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McDermott Super-Senior Debt May Be Prelude to a Bankruptcy Loan

Allison McNeely

(Bloomberg) -- McDermott International Inc.’s $1.7 billion super-senior credit facility could give an indication of terms if the struggling engineering and construction firm were to convert the debt into a bankruptcy loan.

The facility consists of a $1.3 billion term loan and $400 million in letters of credit. It contains highly restrictive covenants that could provide a template for the kind of terms they would receive if they were to convert their debt into a debtor-in-possession loan in bankruptcy, Valerie Potenza, a high-yield analyst at Xtract Research, said in an interview.

“It looks like a DIP, talks like a DIP, but it’s not a DIP,” she said.

A representative for McDermott didn’t immediately respond to a request for comment.

McDermott skipped a Nov. 1 interest payment on its bonds, triggering a 30-day grace period to make the payment or file for Chapter 11. It also warned in regulatory documents of the risk of bankruptcy.

The company last month managed to negotiate the $1.7 billion rescue financing, but it faces numerous hurdles to access the roughly $1.1 billion available across three tranches after its initial $650 million draw.

The super-senior facility contains DIP-like lender protections, such as a limit on its ability to take on new debt, according to Potenza. If the company were to end up filing for bankruptcy, it’s reasonable to assume that the existing group of lenders would negotiate with the company to provide a restructuring loan, she said.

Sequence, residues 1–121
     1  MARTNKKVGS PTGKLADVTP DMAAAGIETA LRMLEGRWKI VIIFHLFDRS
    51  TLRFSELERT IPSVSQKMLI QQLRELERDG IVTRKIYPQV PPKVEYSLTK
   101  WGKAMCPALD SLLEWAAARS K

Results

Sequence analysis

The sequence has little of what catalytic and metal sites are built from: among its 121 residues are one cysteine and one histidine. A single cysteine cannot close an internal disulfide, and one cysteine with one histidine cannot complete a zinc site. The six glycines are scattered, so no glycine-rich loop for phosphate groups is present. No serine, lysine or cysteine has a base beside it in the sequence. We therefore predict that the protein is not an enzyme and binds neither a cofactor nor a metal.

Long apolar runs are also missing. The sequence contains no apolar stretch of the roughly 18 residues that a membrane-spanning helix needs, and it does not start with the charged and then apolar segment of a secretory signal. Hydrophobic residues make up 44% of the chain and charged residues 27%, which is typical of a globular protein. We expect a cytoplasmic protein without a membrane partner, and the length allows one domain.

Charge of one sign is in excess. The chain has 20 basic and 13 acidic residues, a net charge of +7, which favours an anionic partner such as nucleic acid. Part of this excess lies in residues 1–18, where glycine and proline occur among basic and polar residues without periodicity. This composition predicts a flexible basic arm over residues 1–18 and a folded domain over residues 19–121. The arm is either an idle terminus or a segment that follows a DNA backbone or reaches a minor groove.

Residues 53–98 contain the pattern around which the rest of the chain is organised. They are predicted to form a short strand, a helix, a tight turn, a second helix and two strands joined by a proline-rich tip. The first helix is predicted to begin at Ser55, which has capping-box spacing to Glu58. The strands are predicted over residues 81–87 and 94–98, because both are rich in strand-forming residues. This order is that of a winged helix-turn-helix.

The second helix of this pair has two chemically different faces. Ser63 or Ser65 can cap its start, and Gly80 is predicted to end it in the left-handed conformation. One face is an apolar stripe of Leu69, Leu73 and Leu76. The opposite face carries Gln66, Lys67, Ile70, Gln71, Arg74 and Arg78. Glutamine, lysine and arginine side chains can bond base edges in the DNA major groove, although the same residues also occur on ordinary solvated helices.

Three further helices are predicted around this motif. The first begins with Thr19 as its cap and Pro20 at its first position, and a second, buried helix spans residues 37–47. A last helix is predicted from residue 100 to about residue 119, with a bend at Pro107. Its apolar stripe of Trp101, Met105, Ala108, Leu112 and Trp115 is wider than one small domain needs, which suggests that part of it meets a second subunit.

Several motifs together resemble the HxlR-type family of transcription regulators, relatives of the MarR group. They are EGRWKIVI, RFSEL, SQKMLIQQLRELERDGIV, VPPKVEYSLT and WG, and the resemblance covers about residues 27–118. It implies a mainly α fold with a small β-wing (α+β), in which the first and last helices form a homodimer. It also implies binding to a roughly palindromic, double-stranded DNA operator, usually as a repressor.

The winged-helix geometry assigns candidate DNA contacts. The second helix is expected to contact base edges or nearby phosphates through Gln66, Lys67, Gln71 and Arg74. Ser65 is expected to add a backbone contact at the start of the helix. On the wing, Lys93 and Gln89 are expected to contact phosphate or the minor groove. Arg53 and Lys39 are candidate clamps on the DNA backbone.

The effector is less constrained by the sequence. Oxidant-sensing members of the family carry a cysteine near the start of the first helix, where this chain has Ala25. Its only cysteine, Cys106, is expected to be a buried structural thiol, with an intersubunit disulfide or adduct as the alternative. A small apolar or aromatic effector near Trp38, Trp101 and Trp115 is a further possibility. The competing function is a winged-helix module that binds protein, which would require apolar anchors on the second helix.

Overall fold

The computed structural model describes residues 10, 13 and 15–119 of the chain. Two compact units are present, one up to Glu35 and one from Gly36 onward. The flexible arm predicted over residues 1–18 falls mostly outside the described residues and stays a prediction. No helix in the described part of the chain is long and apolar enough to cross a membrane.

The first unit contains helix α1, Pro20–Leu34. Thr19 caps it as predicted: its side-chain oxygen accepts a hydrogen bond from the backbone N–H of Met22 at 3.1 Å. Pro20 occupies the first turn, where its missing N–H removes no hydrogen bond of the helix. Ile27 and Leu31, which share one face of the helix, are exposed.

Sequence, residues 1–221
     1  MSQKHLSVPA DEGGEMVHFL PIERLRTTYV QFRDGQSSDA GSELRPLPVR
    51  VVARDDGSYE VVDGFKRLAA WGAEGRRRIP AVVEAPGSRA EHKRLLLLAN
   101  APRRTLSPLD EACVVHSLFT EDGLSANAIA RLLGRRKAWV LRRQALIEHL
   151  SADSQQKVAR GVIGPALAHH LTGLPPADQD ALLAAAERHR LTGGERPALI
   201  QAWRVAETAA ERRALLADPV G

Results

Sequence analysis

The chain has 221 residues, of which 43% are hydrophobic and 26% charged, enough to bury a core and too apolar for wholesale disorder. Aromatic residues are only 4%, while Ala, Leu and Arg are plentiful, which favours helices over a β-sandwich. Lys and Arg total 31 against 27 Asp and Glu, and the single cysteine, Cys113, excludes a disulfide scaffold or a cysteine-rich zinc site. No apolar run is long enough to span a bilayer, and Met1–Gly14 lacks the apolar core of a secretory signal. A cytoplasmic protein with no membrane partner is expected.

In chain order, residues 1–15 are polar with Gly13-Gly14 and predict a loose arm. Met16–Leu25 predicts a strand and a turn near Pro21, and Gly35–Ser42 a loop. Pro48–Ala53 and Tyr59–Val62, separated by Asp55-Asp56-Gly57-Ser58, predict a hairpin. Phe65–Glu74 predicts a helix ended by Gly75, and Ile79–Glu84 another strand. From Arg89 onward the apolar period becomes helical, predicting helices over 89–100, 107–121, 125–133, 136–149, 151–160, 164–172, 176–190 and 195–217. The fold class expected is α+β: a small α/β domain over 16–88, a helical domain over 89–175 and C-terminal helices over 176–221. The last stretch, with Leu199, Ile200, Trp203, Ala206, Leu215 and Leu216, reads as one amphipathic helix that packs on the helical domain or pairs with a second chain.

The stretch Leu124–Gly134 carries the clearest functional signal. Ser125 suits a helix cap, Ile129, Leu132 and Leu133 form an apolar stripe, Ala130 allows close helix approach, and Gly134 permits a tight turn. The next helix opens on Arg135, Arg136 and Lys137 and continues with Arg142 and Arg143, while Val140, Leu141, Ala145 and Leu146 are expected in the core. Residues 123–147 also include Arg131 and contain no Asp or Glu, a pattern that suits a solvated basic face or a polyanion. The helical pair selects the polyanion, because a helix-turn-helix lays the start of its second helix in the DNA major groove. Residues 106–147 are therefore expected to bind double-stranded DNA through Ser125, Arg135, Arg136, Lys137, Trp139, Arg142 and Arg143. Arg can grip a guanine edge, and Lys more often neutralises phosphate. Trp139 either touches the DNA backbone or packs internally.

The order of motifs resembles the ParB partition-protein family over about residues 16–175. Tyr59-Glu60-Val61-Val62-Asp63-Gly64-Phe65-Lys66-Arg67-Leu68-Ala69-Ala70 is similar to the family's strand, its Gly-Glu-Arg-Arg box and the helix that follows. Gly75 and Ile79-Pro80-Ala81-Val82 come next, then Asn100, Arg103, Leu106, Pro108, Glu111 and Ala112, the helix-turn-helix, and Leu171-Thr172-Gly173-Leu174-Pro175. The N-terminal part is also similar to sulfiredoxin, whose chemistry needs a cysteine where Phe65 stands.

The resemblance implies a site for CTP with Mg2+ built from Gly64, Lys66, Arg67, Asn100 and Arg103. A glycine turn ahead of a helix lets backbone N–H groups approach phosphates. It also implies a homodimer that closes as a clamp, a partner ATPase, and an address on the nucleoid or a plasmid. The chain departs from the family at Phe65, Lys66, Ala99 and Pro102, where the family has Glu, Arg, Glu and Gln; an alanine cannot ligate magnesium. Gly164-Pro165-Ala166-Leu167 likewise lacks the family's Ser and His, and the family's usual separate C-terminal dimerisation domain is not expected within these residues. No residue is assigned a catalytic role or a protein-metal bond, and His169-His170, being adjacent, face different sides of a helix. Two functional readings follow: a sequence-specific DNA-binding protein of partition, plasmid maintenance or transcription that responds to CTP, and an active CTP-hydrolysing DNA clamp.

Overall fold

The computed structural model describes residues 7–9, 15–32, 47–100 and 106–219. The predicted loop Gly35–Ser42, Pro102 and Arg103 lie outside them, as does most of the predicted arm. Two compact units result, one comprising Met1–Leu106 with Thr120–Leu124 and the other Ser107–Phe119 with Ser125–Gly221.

Regardless of McDermott’s fate, the lenders are being well-compensated for taking the risk of lending to the company, which provides services to oil and gas companies. If McDermott succeeds in selling its Lummus Technology unit, the super-senior lenders will receive their par value plus a 3% premium, according to Xtract’s analysis of the credit agreement.

In the event of a bankruptcy filing in the next 18 months, McDermott must repay the loan before other payments, even if a Chapter 11 is triggered by insolvency. Those lenders would receive a make-whole premium in the first six months and a 3% premium for the 12 months thereafter, according to Xtract.

To contact the reporter on this story: Allison McNeely in New York at amcneely@bloomberg.net

To contact the editors responsible for this story: Rick Green at rgreen18@bloomberg.net, Nicole Bullock, Christopher DeReza

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